People were scrambling to get out of Schoharie 23 months ago as the flooding Schoharie Creek bore down on the village.
Among those evacuated were more than 40 inmates housed in the county’s public safety facility on Depot Lane, which was flooded and badly damaged.
Despite being flooded, the Federal Emergency Management Agency is now suggesting Schoharie County rebuild the Public Safety Facility where it is.
The county plans to fight the decision and officials submitted an appeal to FEMA last week, said Treasurer William Cherry, the county’s flood recovery coordinator.
“I expect us to be vindicated on that appeal, and in the end we’ll have a brand new, newly constructed public safety facility and communications center on higher ground,” Cherry said Thursday.
A spokeswoman at FEMA on Thursday said the agency is expecting the appeal, but federal regulations on the books — specifically the agency’s “50 percent” rule — put funding for a new jail on safer ground out of the question.
The 2011 flooding exposed several weaknesses in the county’s emergency preparations.
The E-911 communications center — those who answer 911 calls — as well as the Emergency Management Office and District Attorney’s Office were all housed in the Depot Lane facility when it was inundated by more than six feet of water.
Making matters worse was Tropical Storm Lee a week later.
The emergency operations center — filled with officials at every level of government working to react to the worst flood to hit the valley in decades — was moved to the Cobleskill Fairgrounds and uprooted from there a week later when the second storm sent the Cobleskill Creek surging into that village.
Cherry said the county’s appeal will focus on the belief that FEMA is not doing the right math.
Cherry said FEMA is estimating the cost to repair the jail building at $7.1 million.
FEMA estimates new construction outside of the flood zone at $18.7 million.
According to FEMA rules, Cherry said, the agency won’t pay to rebuild unless repairs cost at least half of what a new facility would cost.
He suspects protecting taxpayers from too much spending is behind the rule.
“On the surface, that sounds like a logical argument,” Cherry said.
Cherry said the county believes FEMA’s reasoning is flawed because the agency often includes mitigation — measures to protect from future floods — in the price of a job even if it’s just repairs.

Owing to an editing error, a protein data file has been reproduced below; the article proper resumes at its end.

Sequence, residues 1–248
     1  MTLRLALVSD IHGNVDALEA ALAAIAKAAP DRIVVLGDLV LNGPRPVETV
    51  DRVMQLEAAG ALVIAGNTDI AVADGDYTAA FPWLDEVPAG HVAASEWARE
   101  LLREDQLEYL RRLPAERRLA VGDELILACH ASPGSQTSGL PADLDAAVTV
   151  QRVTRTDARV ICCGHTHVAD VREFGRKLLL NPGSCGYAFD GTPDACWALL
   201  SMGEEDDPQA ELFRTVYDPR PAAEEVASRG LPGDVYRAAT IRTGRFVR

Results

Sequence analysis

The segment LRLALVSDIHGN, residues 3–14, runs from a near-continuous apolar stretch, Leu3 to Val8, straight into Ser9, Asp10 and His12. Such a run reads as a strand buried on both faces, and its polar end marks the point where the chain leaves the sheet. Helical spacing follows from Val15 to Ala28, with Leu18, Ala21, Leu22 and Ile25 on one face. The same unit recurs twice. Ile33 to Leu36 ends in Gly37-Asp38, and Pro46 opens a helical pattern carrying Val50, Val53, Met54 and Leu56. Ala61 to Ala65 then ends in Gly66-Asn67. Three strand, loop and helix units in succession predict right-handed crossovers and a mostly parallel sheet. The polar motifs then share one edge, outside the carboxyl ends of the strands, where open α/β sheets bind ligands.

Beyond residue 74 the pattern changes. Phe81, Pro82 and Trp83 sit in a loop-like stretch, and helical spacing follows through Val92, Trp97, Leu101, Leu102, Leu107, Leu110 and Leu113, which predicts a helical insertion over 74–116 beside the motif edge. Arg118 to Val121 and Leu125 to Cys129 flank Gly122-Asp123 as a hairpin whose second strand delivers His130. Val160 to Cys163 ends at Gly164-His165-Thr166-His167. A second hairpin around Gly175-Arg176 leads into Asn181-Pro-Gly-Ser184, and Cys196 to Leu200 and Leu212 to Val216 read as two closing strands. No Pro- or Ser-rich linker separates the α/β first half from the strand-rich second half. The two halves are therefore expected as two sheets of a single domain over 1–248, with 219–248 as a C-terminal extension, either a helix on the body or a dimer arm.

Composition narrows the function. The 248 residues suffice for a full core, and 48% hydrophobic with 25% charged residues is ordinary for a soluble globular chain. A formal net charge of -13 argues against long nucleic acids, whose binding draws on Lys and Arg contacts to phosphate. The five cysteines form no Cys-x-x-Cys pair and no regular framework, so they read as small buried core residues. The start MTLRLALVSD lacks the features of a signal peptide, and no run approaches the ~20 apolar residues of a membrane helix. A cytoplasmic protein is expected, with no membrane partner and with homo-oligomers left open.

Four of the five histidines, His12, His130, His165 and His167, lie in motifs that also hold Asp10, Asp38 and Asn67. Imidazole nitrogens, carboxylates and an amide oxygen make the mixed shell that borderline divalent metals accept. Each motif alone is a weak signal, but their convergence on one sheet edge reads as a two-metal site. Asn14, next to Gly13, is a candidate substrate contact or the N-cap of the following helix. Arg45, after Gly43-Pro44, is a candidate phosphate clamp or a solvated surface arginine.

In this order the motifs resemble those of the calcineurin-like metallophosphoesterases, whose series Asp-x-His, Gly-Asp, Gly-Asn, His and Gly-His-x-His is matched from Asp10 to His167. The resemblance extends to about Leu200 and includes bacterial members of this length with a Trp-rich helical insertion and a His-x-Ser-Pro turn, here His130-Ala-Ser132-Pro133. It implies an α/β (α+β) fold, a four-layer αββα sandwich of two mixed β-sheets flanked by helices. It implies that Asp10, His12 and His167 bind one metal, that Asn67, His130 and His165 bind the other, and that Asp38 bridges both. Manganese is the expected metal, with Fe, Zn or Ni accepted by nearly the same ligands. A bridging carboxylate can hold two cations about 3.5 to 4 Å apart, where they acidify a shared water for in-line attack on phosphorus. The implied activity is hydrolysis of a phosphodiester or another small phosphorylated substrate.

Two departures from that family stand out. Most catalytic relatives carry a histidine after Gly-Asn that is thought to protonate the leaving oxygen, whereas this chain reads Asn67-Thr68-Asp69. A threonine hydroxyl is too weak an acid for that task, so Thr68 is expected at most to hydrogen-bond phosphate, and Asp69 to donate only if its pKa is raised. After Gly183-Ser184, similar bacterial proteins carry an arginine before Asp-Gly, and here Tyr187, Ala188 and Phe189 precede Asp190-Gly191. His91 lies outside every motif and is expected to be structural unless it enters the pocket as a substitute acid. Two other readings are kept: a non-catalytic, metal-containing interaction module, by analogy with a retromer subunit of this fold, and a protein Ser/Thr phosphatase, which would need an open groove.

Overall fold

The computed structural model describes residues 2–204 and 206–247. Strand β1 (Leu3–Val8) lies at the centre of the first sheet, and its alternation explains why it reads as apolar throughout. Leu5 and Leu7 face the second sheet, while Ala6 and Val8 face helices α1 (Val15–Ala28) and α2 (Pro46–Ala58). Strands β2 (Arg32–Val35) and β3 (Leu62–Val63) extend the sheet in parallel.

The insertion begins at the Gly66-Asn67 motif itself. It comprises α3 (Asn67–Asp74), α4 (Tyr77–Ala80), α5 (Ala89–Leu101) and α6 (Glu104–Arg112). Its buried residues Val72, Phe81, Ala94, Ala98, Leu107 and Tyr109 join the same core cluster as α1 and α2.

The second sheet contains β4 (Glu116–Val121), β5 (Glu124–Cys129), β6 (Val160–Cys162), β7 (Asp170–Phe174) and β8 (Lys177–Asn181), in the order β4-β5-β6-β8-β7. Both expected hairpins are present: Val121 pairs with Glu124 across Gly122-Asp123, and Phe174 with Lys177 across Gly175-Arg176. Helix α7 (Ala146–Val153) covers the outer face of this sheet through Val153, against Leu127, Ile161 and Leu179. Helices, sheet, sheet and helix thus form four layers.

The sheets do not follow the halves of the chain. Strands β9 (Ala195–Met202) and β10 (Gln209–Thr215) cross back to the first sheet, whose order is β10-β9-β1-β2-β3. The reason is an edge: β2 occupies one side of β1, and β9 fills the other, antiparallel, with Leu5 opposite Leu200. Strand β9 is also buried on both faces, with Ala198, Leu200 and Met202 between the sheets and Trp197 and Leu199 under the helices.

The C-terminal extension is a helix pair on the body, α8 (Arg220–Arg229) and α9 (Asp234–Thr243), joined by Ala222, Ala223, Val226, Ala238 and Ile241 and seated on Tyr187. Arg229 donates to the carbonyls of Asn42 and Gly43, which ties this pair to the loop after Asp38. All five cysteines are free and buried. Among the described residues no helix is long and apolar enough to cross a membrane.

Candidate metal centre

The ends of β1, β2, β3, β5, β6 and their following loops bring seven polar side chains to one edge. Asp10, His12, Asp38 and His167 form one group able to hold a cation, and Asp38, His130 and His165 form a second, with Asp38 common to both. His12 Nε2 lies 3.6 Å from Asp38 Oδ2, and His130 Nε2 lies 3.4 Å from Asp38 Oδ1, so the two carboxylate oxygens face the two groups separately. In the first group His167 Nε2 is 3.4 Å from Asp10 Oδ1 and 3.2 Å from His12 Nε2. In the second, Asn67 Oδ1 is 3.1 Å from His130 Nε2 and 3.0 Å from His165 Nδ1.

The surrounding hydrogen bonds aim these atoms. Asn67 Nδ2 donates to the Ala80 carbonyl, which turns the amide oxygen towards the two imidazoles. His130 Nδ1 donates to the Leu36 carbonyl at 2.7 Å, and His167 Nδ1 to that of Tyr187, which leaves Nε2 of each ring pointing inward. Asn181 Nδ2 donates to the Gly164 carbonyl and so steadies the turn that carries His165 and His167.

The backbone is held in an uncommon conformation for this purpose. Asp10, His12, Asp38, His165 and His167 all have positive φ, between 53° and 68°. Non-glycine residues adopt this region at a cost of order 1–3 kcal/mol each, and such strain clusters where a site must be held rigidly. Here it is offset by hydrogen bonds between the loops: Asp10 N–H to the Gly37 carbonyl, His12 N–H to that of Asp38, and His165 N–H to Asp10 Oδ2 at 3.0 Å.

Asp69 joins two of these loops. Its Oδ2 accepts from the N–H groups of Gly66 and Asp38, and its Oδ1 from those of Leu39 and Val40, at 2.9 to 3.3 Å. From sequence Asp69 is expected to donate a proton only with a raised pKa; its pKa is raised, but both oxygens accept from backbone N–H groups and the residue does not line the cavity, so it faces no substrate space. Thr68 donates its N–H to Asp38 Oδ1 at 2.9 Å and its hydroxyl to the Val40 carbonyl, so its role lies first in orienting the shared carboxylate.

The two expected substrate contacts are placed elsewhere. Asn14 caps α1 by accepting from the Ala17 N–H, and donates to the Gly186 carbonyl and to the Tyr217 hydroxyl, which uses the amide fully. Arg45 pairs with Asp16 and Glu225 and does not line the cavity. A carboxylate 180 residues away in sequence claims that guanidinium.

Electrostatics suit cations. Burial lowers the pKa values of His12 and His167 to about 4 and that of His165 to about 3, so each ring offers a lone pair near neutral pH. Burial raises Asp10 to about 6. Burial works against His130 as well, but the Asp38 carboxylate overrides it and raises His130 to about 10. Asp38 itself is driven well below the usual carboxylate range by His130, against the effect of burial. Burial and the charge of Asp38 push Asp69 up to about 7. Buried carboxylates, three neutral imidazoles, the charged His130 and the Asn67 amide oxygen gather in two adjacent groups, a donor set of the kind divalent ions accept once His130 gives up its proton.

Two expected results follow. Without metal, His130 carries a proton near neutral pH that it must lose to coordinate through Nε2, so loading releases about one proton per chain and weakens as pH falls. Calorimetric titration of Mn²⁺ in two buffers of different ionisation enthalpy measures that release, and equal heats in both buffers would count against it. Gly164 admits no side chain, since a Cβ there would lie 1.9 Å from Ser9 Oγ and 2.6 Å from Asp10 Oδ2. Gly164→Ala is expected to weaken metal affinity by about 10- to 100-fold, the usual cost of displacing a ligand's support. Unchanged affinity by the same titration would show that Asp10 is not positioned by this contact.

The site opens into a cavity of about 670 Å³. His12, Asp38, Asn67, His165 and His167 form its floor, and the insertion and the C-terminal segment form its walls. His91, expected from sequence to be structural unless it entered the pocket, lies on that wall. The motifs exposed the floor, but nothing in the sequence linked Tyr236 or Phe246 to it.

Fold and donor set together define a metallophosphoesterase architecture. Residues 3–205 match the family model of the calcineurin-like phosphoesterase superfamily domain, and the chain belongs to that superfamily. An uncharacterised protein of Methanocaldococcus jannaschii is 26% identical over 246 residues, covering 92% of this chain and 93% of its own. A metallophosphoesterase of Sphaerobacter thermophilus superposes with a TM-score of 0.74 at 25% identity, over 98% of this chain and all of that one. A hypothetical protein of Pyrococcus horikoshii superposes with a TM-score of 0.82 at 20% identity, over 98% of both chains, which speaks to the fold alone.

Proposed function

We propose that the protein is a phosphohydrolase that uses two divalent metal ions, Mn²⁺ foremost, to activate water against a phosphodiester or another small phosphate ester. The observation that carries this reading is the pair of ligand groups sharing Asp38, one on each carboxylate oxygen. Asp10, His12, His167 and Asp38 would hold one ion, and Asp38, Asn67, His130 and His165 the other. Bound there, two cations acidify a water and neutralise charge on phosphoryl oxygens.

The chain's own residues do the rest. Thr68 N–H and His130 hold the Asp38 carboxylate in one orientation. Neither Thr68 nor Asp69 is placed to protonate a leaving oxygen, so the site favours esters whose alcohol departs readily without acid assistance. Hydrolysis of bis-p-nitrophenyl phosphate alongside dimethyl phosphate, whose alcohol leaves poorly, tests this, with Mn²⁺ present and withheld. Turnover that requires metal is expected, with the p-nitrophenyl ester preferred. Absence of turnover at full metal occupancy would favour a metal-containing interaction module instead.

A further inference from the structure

Cherry said the county is arguing that the true cost of fixing the current facility, including mitigation measures such as flood walls, should cost $13.2 million — that’s $6.1 million in additional cost for flood protection.
“They forgot to add in the cost of the flood gates,” Cherry said.
The fight to move the jail is not without reservations, he said.
“There’s a lot of us that feel bad about the current public safety facility having to be abandoned. It was a nice structure and it’s still a solid structure,” Cherry said.
But, Cherry said, the public safety facility is sitting in a FEMA-designated flood plain.
FEMA spokeswoman Caitlin Rose Ostomel said damage to the county jail didn’t meet criteria for a destroyed facility.
She said FEMA is reading its rules to mean estimates of the jail’s replacement are the cost to rebuild it in place to the condition it was in prior to the flood.
Ostomel said the county will have two chances to appeal: the current appeal and then another to regional FEMA administration.
U.S. Rep. Chris Gibson, in a statement provided via email Thursday, said he’s supporting Schoharie County’s math as it relates to FEMA’s calculations.
“I agree completely that FEMA should be including not only the $7.1 million cost to rebuild the facility on the current site, but also the additional $6 million required for flood mitigation structures and work that is mandated for that site,” Gibson said in the statement.
“That brings the total cost to over $13 million, which is well more than the 50 percent requirement to build a new $18 million facility out of the flood plain danger zone. I fully support the county’s position that FEMA is not following proper procedure with this determination under the Stafford Act and other FEMA guidelines,” Gibson said.